Monday, 22 December 2014

The Dancing Monks of Bhutan |Tewfic El-Sawy


My first photo expedition to the Kingdom of Bhutan was in 1999, and was coincidentally the very first formal photo expedition I organized and led. The trip was over 20 days or so, and included India (Delhi, Dharmasala and Varanasi), Kathmandu in Nepal and finally Paro and Thimpu in Bhutan.

I returned to Bhutan in 2006, 2008 and 2009 and during these years, I witnessed the immense change (sometimes known as progress) that affected the country. In 1999, there were only a handful of hotels; two of the better ones were owned by Druk Air, the Kingdom's airline. And there was no television, no easy access to the internet and the Bhutanese women in the two main cities still wore their hair in page boy cuts, and hadn't yet been influenced by the daily Bollywood movies.

In 2009, in the small town of Jakar I had the pleasure of having cups of very good espresso and cappuccino, and had a wonderful Tibetan dinner of momos. That was 5 years ago, and I gather that more "progress" has invaded Bhutan...but at least, it has been at a slower pace than in other countries in the region.

Over these four trips, I gathered quite a large inventory of photographs and I recently decided to showcase a color selection focusing on The Dancing Monks of Bhutan on the Exposure platform, joining 8 other galleries of photographs from India, and Vietnam.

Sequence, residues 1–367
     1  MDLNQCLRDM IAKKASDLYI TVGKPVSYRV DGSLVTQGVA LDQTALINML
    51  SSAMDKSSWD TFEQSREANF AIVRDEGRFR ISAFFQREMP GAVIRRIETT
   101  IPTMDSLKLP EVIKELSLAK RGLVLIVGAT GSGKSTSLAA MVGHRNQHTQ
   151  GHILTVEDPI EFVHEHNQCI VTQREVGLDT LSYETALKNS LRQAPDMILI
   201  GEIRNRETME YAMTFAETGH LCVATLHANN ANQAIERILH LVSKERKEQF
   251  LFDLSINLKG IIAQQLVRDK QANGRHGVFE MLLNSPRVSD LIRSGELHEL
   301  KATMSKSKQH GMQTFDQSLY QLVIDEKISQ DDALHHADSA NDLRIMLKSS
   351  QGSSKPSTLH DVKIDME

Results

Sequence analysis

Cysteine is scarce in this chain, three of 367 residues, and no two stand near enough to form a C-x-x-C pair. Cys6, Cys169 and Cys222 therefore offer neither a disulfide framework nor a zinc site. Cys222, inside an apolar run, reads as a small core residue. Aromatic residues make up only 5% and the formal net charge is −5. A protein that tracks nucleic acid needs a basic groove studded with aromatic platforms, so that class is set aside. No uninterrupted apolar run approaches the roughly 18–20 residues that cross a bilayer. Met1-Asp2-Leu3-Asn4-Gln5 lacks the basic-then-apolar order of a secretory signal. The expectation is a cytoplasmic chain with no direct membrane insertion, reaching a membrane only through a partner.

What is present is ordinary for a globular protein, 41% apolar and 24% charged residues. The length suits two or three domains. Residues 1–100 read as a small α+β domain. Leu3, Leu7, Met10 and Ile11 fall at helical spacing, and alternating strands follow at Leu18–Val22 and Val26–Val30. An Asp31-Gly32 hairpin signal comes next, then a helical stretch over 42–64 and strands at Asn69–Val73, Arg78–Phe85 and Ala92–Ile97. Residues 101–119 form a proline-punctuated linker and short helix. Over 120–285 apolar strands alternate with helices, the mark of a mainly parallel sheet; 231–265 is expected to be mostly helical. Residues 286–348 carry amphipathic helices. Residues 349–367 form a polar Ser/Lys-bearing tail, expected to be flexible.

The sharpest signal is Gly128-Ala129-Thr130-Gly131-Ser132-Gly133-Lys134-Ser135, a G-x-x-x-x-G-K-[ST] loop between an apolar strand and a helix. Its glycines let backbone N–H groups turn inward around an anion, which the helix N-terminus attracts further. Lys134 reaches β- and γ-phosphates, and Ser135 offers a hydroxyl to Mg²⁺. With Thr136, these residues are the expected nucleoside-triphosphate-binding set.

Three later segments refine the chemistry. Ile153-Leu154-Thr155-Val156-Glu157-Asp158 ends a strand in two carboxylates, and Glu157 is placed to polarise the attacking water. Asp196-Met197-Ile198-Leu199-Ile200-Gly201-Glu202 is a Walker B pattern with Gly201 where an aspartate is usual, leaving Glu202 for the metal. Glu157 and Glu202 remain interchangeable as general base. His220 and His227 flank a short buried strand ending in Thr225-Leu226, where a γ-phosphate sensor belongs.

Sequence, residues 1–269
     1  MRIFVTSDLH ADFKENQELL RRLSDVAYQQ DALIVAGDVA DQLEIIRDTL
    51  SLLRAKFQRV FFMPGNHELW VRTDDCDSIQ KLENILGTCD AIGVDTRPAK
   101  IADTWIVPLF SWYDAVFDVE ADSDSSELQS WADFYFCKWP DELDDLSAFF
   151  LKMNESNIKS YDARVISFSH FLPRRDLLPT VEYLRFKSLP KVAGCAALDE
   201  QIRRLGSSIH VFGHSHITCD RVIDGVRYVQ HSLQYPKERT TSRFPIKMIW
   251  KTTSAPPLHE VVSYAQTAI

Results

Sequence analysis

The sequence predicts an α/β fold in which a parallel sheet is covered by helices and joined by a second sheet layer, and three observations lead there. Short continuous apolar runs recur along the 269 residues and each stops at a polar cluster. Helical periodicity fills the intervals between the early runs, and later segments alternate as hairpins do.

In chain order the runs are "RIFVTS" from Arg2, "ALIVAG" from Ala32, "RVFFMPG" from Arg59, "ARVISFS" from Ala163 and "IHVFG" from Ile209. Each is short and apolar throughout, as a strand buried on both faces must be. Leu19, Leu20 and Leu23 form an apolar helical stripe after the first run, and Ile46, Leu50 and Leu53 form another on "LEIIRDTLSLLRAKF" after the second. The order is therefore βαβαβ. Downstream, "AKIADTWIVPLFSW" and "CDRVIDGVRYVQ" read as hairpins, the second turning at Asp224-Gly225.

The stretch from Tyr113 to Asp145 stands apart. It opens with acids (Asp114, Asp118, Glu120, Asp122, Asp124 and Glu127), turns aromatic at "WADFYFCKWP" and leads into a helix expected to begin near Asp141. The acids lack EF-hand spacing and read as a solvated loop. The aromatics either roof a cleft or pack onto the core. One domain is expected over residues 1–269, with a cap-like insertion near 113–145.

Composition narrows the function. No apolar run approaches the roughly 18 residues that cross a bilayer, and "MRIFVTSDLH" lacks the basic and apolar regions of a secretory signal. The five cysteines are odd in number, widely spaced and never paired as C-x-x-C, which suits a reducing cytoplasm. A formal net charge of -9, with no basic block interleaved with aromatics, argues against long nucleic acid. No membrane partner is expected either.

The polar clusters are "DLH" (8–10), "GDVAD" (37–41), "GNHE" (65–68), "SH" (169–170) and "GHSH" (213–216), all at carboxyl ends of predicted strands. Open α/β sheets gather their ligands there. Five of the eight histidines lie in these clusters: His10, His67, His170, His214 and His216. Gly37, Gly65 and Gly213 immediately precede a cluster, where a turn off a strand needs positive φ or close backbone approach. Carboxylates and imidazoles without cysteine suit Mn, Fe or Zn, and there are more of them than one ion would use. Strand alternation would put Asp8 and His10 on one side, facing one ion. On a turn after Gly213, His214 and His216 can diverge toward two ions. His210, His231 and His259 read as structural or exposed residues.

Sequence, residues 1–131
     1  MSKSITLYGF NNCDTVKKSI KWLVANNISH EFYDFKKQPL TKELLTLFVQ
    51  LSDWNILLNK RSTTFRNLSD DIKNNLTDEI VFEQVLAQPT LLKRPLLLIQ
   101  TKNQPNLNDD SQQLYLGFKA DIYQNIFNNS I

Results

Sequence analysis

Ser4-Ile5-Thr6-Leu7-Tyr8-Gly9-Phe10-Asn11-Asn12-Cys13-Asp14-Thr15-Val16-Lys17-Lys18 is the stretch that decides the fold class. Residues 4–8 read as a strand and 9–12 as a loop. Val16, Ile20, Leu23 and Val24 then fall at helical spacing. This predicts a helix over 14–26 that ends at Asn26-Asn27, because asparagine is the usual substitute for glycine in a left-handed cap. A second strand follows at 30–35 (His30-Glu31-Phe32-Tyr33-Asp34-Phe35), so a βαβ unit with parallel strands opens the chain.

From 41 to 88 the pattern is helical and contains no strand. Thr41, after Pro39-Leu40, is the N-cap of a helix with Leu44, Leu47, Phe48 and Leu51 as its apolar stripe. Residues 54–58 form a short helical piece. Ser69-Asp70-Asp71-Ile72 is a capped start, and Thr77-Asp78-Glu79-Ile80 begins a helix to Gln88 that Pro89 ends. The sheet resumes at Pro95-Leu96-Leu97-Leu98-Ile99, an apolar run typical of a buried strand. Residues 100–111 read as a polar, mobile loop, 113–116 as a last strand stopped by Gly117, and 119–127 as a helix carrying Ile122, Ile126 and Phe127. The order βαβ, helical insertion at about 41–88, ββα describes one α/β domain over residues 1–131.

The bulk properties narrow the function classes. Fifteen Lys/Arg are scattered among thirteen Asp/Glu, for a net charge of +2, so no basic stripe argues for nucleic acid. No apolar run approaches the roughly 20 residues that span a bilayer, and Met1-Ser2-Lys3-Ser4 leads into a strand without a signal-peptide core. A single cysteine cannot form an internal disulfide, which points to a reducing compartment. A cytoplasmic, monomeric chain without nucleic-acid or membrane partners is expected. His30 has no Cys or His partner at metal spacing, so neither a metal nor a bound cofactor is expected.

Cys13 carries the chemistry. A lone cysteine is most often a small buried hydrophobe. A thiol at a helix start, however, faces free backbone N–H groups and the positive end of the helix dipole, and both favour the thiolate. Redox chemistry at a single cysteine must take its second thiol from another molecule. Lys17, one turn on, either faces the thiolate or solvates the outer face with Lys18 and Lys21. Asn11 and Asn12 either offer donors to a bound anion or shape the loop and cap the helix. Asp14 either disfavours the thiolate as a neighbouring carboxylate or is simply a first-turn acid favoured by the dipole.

As many of my readers know, tshechus are annual religious Bhutanese festivals held in each district of Bhutan. They are also large social gatherings, and include large commercial markets as well. I've attended the large Thimpu tshechu in 1999, and even at that time, it was a tourist destination. Over my last three trips, I was fortunate to photograph a tshechu in the small village of Prakhar, and the interesting  Jambhay Lakhang.

I recall seeing a GEO magazine photographer at the Thimpu tshechu, who had gone to great lengths to set up a portable studio in a small corner of the grounds...and was photographing some of the dancers. I thought nothing of just standing behind him, and essentially 'poaching' some of the shots. I wasn't being surreptitious at all, and the German photographer didn't seem to mind...even waiting for me to finish a shot or two before asking for another dancer to pose.

It was a different world then.